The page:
Concern Over Soil Erosion
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Concern Over Soil Erosion

Head of the Office of Soil and Water Management of the Department of Environment has warned of the alarming rate of soil erosion in Iran.
In an interview with IRNA, Hassan Pasandideh said that the rate of soil erosion in Iran is three times the global average. "The average global soil erosion is 5 to 6 tons per hectare, whereas in Iran it is 16.7 tons per hectare."
According to Pasandideh, countries that follow appropriate soil and water management guidelines and avoid operations that could speed up soil erosion tend to have richer and more fertile soil.
In addition to natural causes, such as climate change and droughts, human activity has also contributed to soil erosion.
"Destruction of vegetation, overgrazing, tree felling, unsustainable farming practices and poor management have all contributed [to the increase in soil erosion]," he lamented.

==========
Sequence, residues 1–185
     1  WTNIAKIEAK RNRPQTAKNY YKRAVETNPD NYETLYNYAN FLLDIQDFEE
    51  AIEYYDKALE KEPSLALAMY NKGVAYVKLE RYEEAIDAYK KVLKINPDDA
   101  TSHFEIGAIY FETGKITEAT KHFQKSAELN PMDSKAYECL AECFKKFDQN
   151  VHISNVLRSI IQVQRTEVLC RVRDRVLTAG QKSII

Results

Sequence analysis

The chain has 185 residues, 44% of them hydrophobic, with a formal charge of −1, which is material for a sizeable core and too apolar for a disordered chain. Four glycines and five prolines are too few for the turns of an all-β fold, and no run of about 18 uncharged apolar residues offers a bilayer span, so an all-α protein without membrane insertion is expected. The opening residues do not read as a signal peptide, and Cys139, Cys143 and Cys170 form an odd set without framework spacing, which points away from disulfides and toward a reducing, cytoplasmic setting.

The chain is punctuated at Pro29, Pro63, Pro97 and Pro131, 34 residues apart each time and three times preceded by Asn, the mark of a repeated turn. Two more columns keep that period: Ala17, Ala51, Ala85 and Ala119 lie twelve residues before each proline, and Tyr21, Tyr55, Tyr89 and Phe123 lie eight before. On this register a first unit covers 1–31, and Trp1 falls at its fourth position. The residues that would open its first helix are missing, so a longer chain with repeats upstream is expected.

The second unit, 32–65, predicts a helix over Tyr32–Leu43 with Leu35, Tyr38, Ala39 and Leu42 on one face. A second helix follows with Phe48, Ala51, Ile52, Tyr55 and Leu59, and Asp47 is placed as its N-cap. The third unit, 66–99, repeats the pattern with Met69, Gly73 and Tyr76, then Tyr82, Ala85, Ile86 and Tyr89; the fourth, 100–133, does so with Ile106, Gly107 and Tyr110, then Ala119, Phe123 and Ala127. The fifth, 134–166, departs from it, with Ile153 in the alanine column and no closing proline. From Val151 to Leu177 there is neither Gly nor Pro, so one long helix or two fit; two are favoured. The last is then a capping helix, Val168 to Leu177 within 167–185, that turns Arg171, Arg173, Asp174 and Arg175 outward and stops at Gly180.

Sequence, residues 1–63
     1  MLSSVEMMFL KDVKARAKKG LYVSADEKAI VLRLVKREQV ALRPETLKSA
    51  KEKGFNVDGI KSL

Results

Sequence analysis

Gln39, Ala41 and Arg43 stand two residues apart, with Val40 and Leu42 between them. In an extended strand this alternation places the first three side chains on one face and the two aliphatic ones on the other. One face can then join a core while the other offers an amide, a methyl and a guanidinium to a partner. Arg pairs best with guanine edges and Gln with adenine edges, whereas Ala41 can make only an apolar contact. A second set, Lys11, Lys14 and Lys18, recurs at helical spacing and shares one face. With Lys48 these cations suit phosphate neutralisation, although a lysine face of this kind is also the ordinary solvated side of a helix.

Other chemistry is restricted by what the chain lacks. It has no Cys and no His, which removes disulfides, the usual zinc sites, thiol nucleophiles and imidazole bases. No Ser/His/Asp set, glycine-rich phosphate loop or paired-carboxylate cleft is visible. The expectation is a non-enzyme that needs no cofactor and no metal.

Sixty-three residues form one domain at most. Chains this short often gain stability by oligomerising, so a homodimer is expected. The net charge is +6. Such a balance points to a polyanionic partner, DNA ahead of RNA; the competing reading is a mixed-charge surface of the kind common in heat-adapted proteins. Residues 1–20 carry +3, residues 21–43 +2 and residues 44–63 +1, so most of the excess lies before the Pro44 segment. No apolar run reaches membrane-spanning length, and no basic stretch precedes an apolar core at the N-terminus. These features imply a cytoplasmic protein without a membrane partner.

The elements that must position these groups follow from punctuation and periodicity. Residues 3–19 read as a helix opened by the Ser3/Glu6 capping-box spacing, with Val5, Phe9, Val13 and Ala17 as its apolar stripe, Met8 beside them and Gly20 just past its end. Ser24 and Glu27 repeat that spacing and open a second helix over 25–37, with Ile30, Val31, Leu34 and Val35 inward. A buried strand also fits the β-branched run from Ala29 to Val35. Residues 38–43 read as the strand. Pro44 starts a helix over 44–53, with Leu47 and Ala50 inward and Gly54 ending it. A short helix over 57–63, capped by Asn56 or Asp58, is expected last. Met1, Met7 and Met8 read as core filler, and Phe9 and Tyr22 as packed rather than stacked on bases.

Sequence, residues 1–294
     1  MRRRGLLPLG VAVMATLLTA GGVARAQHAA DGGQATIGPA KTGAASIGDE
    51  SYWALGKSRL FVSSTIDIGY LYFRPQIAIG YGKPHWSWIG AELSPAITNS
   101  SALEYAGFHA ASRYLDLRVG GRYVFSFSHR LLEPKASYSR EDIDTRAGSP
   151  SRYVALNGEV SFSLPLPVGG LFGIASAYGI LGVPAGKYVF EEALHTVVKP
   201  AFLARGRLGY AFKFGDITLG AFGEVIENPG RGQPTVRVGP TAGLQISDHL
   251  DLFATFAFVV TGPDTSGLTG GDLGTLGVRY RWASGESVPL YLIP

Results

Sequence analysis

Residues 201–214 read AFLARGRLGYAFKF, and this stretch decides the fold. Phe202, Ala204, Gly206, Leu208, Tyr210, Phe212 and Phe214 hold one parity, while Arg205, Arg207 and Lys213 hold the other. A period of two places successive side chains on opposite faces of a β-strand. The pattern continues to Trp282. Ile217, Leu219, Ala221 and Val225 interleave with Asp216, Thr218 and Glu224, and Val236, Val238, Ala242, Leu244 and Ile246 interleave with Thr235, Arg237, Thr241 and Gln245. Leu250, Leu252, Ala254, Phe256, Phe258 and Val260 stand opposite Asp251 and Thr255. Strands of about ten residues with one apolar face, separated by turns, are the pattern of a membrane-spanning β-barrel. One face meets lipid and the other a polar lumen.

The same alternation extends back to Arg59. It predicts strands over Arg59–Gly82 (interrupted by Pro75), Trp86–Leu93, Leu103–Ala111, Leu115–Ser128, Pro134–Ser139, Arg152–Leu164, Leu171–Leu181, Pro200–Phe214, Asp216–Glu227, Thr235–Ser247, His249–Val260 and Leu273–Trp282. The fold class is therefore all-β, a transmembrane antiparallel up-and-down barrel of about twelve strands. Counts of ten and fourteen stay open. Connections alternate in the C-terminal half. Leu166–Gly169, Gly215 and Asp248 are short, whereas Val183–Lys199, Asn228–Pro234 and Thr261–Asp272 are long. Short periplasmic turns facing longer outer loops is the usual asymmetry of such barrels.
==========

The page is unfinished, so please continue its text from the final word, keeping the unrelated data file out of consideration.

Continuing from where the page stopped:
Nevertheless, Pasandideh believes there is still time to prevent a catastrophe, if certain measures are taken. Protection of forests and watersheds, soil management, prevention of desertification, and sand stabilization are just as number of ways to slow down the rate of soil erosion, according to Pasandideh.
Commenting on the significance of soil conservation, he said, "It takes between 100 to 10,000 years for an inch of topsoil to form. This makes soil a non-renewable resource."
"We need to use the experience of developed countries that have successfully hindered soil erosion and properly implement their methods in Iran to be able to conserve our soil."

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